To use phrases, though, like “just amazing” and “really beautiful” when referring to Nazi architecture and cinema remains, as Bryan Ferry must have known, I imagine, pretty much as soon as he opened his mouth, firmly out of court. Nazi design remains a dangerous minefield. As for Nazi art, I leave the last word to Franz Liebkind, the veteran (and happily fictional) Nazi who writes “Springtime for Hitler” in Mel Brooks’s The Producers: “Hitler, there was an artist. He could paint an entire apartment. One afternoon . . . two coats!” Best perhaps to steer well away from the “art history perspective”, and stick with the knowingly bad jokes. Read More: http://www.guardian.co.uk/artanddesign/artblog/2007/apr/18/whynaziartisadangerous a
“( Walter)Benjamin displayed two rival aspects in his utopian project. In his essay “On the Critique of Violence,” Benjamin presents the positive utopian framework of his thought. Principally, he did not reject political violence, but analyzed its status and its foundations within the pessimistic context. Accordingly, the struggle between the divine and the mythical serves as the cornerstone for the political struggle and necessarily collides with the law. The law, instead of implementing justice, represents the violence which instituted the law in the first place. However, Benjamin implicitly abandoned the naive revolutionary demand for justice, which is satisfied simply by replacing the present laws with others conceived as being more just. Such a demand appears as a mythical, violent contention, opposing the divine one.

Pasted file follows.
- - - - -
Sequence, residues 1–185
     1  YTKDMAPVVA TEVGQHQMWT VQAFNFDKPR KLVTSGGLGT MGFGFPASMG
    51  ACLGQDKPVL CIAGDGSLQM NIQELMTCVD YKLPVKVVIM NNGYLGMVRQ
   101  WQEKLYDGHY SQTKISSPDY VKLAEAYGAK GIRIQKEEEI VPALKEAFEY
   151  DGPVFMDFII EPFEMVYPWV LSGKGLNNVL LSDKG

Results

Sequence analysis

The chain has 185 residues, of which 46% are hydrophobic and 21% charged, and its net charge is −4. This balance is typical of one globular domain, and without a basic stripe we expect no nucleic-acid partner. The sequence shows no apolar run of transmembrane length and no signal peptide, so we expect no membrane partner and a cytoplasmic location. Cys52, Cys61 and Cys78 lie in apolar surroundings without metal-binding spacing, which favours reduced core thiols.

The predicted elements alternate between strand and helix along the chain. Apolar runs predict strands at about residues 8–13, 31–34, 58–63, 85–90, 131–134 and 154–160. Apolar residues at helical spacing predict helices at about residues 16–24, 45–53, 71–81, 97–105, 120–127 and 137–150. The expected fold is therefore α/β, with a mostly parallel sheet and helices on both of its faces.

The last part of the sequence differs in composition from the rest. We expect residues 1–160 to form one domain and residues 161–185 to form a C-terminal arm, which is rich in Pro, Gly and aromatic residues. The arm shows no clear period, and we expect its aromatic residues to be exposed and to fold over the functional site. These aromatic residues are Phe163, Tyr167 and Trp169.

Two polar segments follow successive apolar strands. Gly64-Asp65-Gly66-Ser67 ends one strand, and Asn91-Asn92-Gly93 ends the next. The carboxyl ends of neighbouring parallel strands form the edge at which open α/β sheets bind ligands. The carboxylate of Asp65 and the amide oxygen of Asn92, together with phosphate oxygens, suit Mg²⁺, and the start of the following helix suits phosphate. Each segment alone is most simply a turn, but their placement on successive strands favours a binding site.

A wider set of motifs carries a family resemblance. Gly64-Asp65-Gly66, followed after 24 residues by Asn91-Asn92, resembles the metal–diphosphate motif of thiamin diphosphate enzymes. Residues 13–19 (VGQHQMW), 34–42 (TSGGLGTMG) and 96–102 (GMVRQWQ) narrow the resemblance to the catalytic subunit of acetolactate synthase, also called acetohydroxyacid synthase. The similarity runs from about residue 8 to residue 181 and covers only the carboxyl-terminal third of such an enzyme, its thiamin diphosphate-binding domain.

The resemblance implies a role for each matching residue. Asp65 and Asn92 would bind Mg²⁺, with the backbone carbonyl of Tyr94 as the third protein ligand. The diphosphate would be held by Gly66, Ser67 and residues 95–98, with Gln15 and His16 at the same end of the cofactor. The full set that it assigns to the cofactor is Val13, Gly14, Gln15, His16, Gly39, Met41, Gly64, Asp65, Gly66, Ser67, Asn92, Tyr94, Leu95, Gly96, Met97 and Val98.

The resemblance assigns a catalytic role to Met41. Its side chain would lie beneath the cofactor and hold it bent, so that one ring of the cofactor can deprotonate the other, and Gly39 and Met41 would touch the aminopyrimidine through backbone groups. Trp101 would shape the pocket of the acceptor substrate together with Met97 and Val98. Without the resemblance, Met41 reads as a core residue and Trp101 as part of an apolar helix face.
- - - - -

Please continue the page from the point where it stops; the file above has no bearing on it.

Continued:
The pessimistic dimension in Benjamin’s thought is revealed in his claim that the divine alone enables us
to speak of “justice.” Since there is no place in (secular) history for this dimension – sometimes referred to as “messianic” – his utopianism strongly suggests a transformation of the utopian project. Real change is now conceived as possible only by the overthrow of history. From this perspective, each revolutionary effort to realize utopia – with which he explicitly identifies – is revealed as a vanity of the mythic force that confronts the messianic. In contrast to Horkheimer’s and Adorno’s positive utopianism, in their early thinking, Benjamin incorporated two elements within the framework of his fundamentally pessimistic negative utopianism: the tradition of thought on redemption, and the utopian tradition.Read More: http://construct.haifa.ac.il/~ilangz/Utopia4.html